The Donner Party is one of America's best known stories of cannibalism. It began in 1846, when a group of 87 people set off from Missouri to make their way to California in search of a better life. However, instead of taking the normal route across the US, they took "the most ill-advised shortcut in the history of human travel". After four months stranded, almost half of the party had died. To survive, the rest resorted to eating the dead.
Western society views cannibalism as a major taboo. When the survivors of the Donner Party reached safety, they were largely looked upon badly by the press, said Bill Schutt, author of Cannibalism: A Perfectly Natural History. In the book, Schutt, a professor of biology at LIU Post and a research associate at the American Museum of Natural History, examines the true nature of cannibalism. He examines its prevalence in nature, its role in evolution and its presence in human culture.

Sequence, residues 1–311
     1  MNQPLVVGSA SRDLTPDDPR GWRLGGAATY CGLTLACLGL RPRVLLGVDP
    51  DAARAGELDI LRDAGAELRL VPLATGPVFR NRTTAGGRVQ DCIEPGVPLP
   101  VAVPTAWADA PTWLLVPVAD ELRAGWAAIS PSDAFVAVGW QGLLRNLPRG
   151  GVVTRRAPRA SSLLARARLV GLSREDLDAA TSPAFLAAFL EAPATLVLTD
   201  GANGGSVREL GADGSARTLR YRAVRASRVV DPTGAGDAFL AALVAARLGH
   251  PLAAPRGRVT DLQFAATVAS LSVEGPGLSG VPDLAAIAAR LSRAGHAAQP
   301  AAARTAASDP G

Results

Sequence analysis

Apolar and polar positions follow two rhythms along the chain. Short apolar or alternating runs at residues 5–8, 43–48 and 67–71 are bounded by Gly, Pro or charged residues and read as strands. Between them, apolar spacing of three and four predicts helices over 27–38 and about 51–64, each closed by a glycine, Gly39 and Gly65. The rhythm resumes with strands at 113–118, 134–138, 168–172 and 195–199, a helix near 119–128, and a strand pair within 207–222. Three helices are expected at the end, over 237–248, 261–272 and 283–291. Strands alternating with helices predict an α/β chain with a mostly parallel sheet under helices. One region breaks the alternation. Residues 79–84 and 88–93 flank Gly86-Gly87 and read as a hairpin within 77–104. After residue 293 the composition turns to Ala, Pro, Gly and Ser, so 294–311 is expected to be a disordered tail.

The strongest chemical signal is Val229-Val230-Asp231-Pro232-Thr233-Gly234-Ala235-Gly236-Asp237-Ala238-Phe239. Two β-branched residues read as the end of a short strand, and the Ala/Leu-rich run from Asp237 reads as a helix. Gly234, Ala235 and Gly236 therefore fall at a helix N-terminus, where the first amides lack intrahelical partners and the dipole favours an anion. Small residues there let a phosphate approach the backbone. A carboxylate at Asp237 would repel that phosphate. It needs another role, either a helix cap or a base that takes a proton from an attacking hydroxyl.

He told IBTimes UK that while writing, he was surprised at just how widespread cannibalism is in the animal kingdom: "I really had no clue. Like a lot of people, I thought I would find it in praying mantis and black widow spiders, but the scope of this behaviour was a real surprise. And among humans, the fact medicinal cannibalism was so prevalent throughout Europe for hundreds of years - right up until the beginning of the 20<sup>th century.
"Cannibalism is a very natural behaviour in the animal kingdom. When it does occur in humans, it occurs for reasons other than starvation or overcrowding – there's ritual cannibalism, culinary cannibalism. It's a lot more than just Jeffrey Dahmer and his ilk."